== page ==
what
we're spoon-fed. The solutions are that we spend too little time in

school;
we spend too much time in school (Gatto's position). School is too
permissive; school is too authoritarian. We spend too much time

teaching
by
rote; we don't require kids to commit to memory the foundations of
western
thought.

And on, and on, and on. No two critics see the problem in the same way,

and
few offer remedies that aren't contradicting the *last* remedy that

someone
published.

All they have in common is that they don't like what's going on. They

all
seem to have a utopian vision of what education should be, but their

utopias
contradict each other.

It makes one skeptical about the whole enterprise.


We are all prodcuts of some system or other
but there are enough misfits, loners and individualists
to escape the zombification process and become
real thinking human beings. Plenty have done it
and, with the incredibly liberating power of the Internet,
the medium in which we are now having this exchange,
the process is accelerated.

Citizen Jimserac

That sounds like a retread of most complaints about education we've

been
hearing for 50 years or more. Now it's the Internet. Good luck.

--
Ed Huntress



I think the complainers have forgotten what we had before the adoption

of
universal public education. It used to be that everyone was ignorant and
illiterate except for a tiny minority of elites that were able to pay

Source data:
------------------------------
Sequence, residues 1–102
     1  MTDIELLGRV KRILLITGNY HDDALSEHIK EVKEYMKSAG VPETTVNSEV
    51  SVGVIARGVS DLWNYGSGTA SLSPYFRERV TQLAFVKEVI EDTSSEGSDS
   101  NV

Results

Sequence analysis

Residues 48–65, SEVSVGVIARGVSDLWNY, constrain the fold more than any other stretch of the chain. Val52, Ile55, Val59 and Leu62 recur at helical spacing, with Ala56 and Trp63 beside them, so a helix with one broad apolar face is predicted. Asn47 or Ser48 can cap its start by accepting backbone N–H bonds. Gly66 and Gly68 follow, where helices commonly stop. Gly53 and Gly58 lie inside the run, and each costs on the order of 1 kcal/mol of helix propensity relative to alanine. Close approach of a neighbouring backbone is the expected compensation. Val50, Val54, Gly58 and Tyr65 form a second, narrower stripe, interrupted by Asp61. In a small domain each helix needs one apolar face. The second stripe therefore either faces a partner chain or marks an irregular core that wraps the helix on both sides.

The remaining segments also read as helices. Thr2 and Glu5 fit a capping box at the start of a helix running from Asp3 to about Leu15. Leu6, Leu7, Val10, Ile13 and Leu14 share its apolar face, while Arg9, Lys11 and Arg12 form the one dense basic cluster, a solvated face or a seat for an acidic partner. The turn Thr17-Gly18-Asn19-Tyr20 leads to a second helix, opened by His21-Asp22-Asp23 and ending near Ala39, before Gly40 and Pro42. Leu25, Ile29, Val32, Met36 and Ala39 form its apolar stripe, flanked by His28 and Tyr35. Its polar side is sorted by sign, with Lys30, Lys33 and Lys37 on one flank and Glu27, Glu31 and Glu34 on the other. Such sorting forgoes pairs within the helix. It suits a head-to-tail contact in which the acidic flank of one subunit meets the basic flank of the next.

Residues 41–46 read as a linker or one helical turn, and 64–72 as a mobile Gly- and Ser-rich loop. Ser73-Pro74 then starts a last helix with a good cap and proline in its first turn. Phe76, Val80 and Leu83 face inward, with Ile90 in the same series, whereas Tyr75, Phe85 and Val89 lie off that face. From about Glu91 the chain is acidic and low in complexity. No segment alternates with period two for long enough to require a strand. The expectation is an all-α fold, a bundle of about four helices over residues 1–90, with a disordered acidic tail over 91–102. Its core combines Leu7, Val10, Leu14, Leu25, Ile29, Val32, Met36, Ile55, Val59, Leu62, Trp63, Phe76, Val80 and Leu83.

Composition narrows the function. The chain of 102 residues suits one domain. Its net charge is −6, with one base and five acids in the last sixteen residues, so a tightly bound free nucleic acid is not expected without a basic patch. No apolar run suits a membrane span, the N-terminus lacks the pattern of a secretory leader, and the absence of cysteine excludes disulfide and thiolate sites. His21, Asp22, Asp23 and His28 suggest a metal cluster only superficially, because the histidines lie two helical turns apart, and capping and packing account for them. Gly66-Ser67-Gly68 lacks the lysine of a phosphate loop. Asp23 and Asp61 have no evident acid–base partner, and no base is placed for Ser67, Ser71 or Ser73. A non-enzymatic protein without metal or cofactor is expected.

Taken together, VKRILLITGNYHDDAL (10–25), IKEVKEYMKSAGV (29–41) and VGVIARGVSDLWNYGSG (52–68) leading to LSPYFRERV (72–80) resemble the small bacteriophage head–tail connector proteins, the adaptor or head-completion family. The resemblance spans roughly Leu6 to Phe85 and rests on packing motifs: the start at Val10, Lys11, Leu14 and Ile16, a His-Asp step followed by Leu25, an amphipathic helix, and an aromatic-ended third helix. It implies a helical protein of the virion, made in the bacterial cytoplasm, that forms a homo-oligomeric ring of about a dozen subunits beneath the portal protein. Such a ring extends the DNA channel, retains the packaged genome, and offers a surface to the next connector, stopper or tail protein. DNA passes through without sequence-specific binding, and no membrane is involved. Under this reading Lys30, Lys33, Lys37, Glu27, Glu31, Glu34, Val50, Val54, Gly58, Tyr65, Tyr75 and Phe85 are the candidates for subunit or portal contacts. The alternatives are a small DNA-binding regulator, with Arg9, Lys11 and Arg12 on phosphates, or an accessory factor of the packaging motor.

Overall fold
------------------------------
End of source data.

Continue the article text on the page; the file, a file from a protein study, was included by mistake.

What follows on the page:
for
a
private education or tutoring. When it was decided that everyone would
benefit from universal education some kind of system where all children
were
to be "educated" had to be chosen. For many years the system we had was
the
envy of the world and was unquestionably the best system invented to
educate
the children of an entire nation. Now it's charged with doing the same

job
for a country of 300 million with a huge number of children of different
countries speaking different languages as well an underclass and a huge
income disparity to deal with. All in all it's still doing a rather
remarkable job. In addition, if you look at what the statistics are when
you
take out blacks and Hispanics you find that the system is excellent. An
objective view shows that the minorities throw the stats way out of

whack
by
pulling down the averages for the whole system. What's ironic is that

the
minorities take the least advantage of our free system and by all

accounts
they would benefit the most from it. What's that saying about advice

most
needed is advice least heeded? Those who need it the most use it the
least.
No wonder the system appears broken. I think it's not the system that's
flawed but the children who are in it.

Hawke


Without checking the numbers and some of the facts, I'd say that sounds
about right on the surface. Asian-Americans seem to do very well indeed

with
our educational system. It must be good for some people...maybe the ones

who
have family support and motivation.



I think you hit on it exactly. The two keys are self motivation and family
support. Anyone with a modicum of either of those attributes is going to do
well in our system. Sadly, only a minority of people have those things in a
sufficient supply.

The best thing we can do for the people of this country is to provide a good
educational system for each new generation. I once heard someone say that we
can't guarantee that everyone will have a good home but we can guarantee
everyone will have a good school. If we were really serious about doing that
we'd solve a lot of the problems. One place to start is to pay for public
education out of the general fund and not have it paid locally the way it is
now. Wealthy areas have great schools. Poor areas have schools that suck. If
we provided the money to all schools equally and gave enough to ensure they
all were top notch I think we would see a big improvement in our schools.
Despite what some say money does do a lot to making one school better than
the others, like just about anything else in life.


Hawke